Cameron assured viewers:
US intelligence does not believe the Israeli government is involved in a misuse of information, and Amdocs insists that its data is secure.
But that was false for American tech companies. Why should we assume that Israeli-run firms would be less cooperative with their own nation's intelligence community? Indeed, Israel's booming high-tech sector appears to be intimately related to its spy works, just as Silicon Valley emerged out of America's Cold War efforts. [see ]
Not only does Israel have the means to commit espionage on the US and US citizens, they have a long, well-established history of doing just that. Apart from the NSA's inclusion of Israel among the five nations which are of most concern to US counterintelligence agencies, there are numerous documents attesting to Israel's spying on the US. For example, a GAO report presented to the Senate Select Committee on Intelligence February 28, 1996 listed a number of violations attributed to Country A. Country A was publicly identified as being the State of Israel by the Washington Times (2/22/96).
According to a U.S. intelligence agency, the government of Country A conducts the most aggressive espionage operation against the United States of any U.S. ally. Classified military information and sensitive military technologies are high-priority targets for the intelligence agencies of this country. Country A seeks this information for three reasons: (1) to help the technological development of its own defense industrial base, (2) to sell or trade the information with other countries for economic reasons, and (3) to sell or trade the information with other countries to develop political alliances and alternative sources of arms. According to a classified 1994 report produced by a U.S. government interagency working group on U.S. critical technology companies, Country A routinely resorts to state-sponsored espionage using covert collection techniques to obtain sensitive U.S. economic information and technology. Agents of Country A collect a variety of classified and proprietary information through observation, elicitation, and theft.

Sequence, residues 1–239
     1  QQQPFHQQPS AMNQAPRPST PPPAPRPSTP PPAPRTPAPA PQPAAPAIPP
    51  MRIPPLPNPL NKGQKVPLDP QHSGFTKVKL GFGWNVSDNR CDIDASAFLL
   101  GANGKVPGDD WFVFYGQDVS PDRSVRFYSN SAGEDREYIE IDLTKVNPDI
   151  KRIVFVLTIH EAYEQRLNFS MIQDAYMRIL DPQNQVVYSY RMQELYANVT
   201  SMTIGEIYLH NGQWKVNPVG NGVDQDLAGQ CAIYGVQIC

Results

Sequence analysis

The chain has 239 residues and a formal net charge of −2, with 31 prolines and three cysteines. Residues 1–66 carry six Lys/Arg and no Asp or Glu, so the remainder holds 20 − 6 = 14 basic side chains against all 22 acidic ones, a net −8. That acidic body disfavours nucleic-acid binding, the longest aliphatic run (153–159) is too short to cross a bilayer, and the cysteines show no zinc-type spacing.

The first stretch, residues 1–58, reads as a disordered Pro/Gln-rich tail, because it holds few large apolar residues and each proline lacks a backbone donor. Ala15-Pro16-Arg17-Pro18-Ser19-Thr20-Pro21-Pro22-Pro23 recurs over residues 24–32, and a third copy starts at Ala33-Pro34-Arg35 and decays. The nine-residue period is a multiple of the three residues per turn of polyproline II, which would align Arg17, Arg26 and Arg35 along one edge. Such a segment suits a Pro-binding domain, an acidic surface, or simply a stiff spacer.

The following are intelligence agency examples of Country A information collection efforts:
" An espionage operation run by the intelligence organization responsible for collecting scientific and technological information for Country A paid a U.S. government employee to obtain U.S. classified military intelligence documents.
" Several citizens of Country A were caught in the United States stealing sensitive technology used in manufacturing artillery gun tubes.
" Agents of Country A allegedly stole design plans for a classified reconnaissance system from a U.S. company and gave them to a defense contractor from Country A.
" A company from Country A is suspected of surreptitiously monitoring a DOD telecommunications system to obtain classified information for Country A intelligence.
" Citizens of Country A were investigated for allegations of passing advanced aerospace design technology to unauthorized scientists and researchers.
" Country A is suspected of targeting U.S. avionics, missile telemetry and testing data, and aircraft communication systems for intelligence operations.
" It has been determined that Country A targeted specialized software that is used to store data in friendly aircraft warning systems.
" Country A has targeted information on advanced materials and coatings for collection. A Country A government agency allegedly obtained information regarding a chemical finish used on missile reentry vehicles from a U.S. person.
In Spy Trade: How Israel's Lobby Undermines America's Economy author Grant F. Smith describes the long history of Israel spying against the US and how it has negatively impacted the US economy. In a table titled "Israeli Military-Industrial Espionage Incidents" six major violations are listed. As one example, it was found that Israel was marketing "U.S.-developed cruise missile technology" to China, which the CIA asserted "incorporated sensitive U.S. technology." [Spy Trade, p. 83]